In this article, the writer attempts to delineate the Qur’anic position on peaceful coexistence with the “other.”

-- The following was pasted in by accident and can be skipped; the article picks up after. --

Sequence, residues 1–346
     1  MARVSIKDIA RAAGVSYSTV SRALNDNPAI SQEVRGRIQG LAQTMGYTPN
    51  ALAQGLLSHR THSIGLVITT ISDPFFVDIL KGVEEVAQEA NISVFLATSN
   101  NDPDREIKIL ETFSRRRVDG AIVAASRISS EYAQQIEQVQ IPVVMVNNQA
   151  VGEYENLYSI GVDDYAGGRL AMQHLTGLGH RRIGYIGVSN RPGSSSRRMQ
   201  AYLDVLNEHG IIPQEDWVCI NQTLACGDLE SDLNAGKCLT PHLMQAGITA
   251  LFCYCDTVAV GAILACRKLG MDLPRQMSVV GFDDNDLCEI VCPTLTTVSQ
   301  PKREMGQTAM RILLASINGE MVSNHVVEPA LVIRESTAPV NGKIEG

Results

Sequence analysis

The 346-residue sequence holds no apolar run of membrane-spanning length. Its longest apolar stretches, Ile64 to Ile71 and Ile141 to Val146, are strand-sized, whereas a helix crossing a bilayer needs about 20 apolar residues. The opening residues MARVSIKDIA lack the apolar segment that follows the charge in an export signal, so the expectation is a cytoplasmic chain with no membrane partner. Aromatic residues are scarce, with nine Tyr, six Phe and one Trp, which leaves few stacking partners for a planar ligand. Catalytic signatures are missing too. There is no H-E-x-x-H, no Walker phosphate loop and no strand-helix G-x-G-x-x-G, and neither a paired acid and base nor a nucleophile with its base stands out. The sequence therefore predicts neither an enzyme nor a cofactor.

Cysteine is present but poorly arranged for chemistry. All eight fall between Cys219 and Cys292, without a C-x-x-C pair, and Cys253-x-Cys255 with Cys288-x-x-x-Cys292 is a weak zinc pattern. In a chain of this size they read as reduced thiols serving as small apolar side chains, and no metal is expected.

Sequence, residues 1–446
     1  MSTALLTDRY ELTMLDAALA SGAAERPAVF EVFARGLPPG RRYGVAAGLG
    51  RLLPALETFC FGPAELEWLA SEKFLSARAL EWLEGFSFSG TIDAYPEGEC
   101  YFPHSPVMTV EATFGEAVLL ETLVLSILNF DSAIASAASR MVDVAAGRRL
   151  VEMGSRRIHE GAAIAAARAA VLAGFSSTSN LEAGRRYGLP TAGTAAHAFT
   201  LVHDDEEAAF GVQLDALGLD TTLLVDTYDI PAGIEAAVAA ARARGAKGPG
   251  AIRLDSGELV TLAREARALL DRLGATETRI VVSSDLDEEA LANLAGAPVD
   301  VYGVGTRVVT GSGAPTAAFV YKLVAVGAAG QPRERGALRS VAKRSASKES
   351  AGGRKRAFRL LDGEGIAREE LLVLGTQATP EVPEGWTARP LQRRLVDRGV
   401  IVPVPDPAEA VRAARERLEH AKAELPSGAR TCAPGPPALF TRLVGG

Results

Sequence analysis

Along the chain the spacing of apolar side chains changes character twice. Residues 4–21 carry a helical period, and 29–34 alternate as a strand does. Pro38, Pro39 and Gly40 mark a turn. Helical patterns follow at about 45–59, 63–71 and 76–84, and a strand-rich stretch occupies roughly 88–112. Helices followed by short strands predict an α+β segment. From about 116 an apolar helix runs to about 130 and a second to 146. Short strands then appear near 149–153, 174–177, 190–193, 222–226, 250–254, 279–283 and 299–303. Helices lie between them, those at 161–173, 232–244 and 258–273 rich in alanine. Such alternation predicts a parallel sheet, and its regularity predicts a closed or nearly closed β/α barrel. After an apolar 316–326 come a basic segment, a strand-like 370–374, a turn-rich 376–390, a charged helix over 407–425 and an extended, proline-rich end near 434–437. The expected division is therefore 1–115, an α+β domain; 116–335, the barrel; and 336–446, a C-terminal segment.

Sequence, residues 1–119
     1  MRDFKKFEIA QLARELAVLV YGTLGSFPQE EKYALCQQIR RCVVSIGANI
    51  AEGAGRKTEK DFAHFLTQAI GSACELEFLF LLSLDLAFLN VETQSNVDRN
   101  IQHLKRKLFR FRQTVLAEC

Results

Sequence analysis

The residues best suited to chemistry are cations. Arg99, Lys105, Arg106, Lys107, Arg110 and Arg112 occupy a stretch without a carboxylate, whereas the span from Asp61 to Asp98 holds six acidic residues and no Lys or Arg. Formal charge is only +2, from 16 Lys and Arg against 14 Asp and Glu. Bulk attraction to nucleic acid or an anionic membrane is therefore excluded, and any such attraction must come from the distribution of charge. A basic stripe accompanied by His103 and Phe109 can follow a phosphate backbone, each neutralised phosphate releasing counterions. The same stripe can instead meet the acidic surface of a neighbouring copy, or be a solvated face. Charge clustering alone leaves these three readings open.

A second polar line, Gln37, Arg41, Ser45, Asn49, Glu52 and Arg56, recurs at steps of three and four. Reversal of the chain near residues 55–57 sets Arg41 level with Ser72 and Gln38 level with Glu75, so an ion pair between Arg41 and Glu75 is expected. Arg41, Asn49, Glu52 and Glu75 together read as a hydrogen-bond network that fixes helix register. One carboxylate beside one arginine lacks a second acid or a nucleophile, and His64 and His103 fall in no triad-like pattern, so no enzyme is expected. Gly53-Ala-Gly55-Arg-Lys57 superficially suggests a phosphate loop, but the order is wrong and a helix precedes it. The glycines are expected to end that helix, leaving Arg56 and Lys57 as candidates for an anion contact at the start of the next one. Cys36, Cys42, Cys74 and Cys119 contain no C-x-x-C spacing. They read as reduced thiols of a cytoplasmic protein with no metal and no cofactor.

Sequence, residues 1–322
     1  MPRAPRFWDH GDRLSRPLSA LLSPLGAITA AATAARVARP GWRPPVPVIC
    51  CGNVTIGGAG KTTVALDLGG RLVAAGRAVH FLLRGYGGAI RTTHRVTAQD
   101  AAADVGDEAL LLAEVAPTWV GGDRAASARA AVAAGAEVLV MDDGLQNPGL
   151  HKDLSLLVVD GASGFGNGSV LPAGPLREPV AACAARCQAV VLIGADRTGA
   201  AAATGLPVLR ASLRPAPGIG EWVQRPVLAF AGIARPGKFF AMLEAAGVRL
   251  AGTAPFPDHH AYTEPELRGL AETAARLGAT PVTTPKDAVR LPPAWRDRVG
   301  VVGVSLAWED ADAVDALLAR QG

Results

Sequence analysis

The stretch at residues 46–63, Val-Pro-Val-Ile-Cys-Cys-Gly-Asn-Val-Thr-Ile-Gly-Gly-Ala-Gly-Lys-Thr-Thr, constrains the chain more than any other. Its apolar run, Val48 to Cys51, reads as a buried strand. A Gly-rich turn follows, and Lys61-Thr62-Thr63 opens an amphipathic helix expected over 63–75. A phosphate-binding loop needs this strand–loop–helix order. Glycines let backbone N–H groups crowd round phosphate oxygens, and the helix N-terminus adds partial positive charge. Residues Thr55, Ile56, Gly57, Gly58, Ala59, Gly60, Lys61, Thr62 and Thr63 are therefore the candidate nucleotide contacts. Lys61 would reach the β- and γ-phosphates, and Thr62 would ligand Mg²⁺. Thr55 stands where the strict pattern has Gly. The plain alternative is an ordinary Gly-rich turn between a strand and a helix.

Since the events of September 11, 2001, Muslims have become aware that they cannot afford to live in impregnable fortresses and that living in a pluralistic milieu requires an active engagement with the “other.” The events of September 11 also proved to the Muslim community that the silent majority syndrome has to end simply because Muslim acquiesce has encouraged an extremist expression of Islam. It is the extremists who have spoken on behalf of Islam as their acts of violence have drowned the silent voices of the Muslim majority. Hence, a discourse on the issue of peace and non violence within the Islamic tradition is to be welcomed. It is imperative to voice an opinion on an issue that is of major concern to millions of people, especially for a religion that has often been targeted as violent and militant. In this paper, I will attempt to delineate the Qur’anic position on peaceful coexistence with the “other.” In addition, I will examine the different modes of conflict resolution in Muslim societies in modern times. In the final section, I will discuss how dialogue can lead to peaceful coexistence and create an appreciation of the other.